Despite all that has gone wrong for the Phillies this spring i’m trying my hardest to remain blissfully optimistic about the team going into opening day. The power of positivity will have to win out because it’s too soon to be this pessimistic about the Phillies. After all, they haven’t played a meaningful game yet. If blind optimism isn’t your thing, here are five reasons to be hopeful about the Phillies this year:
1) The Big 3 of Halladay, Lee, and Hamels
This fearsome triumvirate represents the greatest strength of the Phillies. Halladay, Lee, and Hamels are better than any three-starter-combination that another team could throw at the Phillies. Their list of credentials is well documented, but never ceases to impress. Halladay is an 8-time All Star, 2-time Cy Young award winner with pin-point control. Like a fine wine, Roy only seems to get better in age, as he set a career high in K’s last year with 220.
Right behind Halladay is Cliff Lee, the on-again-off-again Phillies’ southpaw. If not for Lee’s disappointing playoff start against the Cardinals, many would argue he had any even better year than Halladay. Lee’s specialty was putting up zeros, as he led the league with 6 shutouts.
Last but not least is Cole Hamels. The homegrown lefty has gotten the most attention this Spring due to his pending free agent status. Whether or not the Phillies and Hamels’ agent work out a contract soon shouldn’t have any bearing on Hamels’ work on the mound. The most exciting thing to remember about Hamels is that he’s just now hitting his prime.
Trying to predict who will have the best year of the three is like asking which Lord of the Rings film is best; their all epic!
2) A full year of Hunter Pence
Many Phillies fans are quick to forget that we were only graced with Hunter Pence’s awkward looking success for a mere 58 games last year. Projected over a full season, Pence is likely to give the Phillies 20+ homers, slug over .500, and provide energy on the field that is sorely needed on this aging team. Pence will be counted on heavily without Utley and Howard for the beginning of the year. This shouldn’t dampen Pences production though, as he put up similar numbers on a Houston team with no protection in the lineup. (awkward)
3) Jonathan Papelbon
The Phillies sure dodged a bullet when they decided to go with Papelbon over Madson at closer. Thankfully we don’t’ have to play that what if game, as Papelbon looks sharp and healthy since putting on the Phillies pinstripes. Say what you want about the size of his contract, the guy has been one of the most valuable relievers in the game in the past six years. While pitching in only 64 innings last year he was worth as many wins as Ryan Howard (2.0 WAR). The best thing about Papelbon is consistency. Part of the reason the Phillies decided against handing over so much dough to Madson was that he only closed out games for 1 season. Conversely, since becoming the Red Sox full-time closer in 2006 Papelbon has averaged 65 innings, 10.9 SO/9, and 36 SV. The saves can be a very misleading statistic, as they rely heavily on opportunity, but he is reliable in pressure-packed situations. The only thing we don’t know about Papelbon is what his intro song will be.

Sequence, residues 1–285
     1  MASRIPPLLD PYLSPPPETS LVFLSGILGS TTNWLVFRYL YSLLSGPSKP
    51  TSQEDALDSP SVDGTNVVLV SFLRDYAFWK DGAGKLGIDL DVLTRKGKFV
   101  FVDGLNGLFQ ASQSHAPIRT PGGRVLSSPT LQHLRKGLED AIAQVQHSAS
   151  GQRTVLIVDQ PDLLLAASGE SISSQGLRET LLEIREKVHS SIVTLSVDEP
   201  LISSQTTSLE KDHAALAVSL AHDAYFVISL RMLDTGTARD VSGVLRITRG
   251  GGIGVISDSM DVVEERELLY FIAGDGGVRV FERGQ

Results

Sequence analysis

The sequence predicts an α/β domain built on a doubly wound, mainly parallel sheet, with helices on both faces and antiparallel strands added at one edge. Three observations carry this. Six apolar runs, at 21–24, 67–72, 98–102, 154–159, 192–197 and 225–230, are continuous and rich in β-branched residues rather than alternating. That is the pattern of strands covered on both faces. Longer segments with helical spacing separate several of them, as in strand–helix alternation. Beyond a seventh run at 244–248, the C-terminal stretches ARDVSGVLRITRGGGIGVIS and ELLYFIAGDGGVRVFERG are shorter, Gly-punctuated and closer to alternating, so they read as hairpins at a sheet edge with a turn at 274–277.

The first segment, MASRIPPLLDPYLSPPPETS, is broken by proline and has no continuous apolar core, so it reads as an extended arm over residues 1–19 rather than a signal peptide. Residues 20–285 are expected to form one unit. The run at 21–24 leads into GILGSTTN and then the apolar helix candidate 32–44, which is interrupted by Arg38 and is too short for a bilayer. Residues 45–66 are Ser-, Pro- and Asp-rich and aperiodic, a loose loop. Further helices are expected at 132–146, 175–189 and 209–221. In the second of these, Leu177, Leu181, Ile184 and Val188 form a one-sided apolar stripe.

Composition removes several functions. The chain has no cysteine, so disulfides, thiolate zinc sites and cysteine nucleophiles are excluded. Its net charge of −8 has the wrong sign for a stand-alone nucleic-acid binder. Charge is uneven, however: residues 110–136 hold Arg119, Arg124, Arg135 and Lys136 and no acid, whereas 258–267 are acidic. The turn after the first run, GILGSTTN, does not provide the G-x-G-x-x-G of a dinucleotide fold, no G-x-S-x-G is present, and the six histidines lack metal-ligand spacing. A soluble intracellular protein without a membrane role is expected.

4) Veterans are still Hungry
Much of the criticism of this team is focused on age. Can the team stay healthy? So far the answer has been no, but having a veteran team isn’t necessarily a bad thing. Halladay, Lee, and Pence are still chasing that elusive ring. Halladay has to be the hungriest of them all after spending a decade of playoff-free ball in Toronto. Even the Phillies who won it all in 08’ are sitting with the bitter taste of recent playoff disappointments. Add on the fact that the rest of the division has closed the gap, and the Phillies should have plenty to keep them motivated through the entire season.
5) Howard & Utley will play again this year
This final reason to hope is my mantra for the 2012 season; they’ll be back at some point. We all know that the prognosis for both Howard and Utley is worse than initially thought. The Phillies were intentionally vague with Howard’s achilles injury, and it proved to be a wise move after his setback during spring rehab. Despite any previous or future bumps in the road Howard will be back in 2012, that much is known. It will take him time to get his sea legs back, which is to be expected. What Howard does have going for him is that he is a better second-half hitter, and should get enough at bats to be sharp by September.
Utley’s future is less certain. His ailing knees have gone from bad to no one really knows. But, until Utley makes the decision to go under the knife (with no indications that he will), he will make it back at some point this year. He may never be that player from 2008 again, but last year was proof just how valuable his presence is in the lineup. The uncertainty of both Howard and Utley’s injuries is frustrating, but just take a deep breath, because they will back…I hope.